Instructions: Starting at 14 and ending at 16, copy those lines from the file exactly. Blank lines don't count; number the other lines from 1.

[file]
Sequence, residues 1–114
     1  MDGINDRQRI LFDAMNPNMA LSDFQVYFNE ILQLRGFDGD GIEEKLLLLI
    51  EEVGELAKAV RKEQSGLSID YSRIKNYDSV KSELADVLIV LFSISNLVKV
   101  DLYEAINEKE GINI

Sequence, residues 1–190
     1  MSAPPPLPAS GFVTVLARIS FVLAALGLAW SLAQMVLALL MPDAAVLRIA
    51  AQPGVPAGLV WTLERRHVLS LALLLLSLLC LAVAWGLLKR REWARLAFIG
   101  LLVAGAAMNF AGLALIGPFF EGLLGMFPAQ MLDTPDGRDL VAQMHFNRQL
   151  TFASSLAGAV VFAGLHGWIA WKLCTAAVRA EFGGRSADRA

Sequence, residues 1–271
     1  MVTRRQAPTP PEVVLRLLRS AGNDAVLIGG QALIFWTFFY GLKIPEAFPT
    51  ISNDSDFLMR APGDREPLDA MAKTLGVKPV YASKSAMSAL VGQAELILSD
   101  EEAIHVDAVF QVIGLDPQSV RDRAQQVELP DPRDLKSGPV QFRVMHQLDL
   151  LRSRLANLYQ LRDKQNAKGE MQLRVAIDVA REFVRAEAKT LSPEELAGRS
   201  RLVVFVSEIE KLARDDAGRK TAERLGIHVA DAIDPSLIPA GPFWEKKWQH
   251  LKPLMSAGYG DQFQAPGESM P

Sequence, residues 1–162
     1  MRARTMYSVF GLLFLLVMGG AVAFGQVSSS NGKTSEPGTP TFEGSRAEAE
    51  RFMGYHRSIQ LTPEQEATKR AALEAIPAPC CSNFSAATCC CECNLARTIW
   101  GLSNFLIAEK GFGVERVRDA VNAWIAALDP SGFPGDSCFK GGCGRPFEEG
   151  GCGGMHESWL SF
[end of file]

   151  LRSRLANLYQ LRDKQNAKGE MQLRVAIDVA REFVRAEAKT LSPEELAGRS
   201  RLVVFVSEIE KLARDDAGRK TAERLGIHVA DAIDPSLIPA GPFWEKKWQH
   251  LKPLMSAGYG DQFQAPGESM P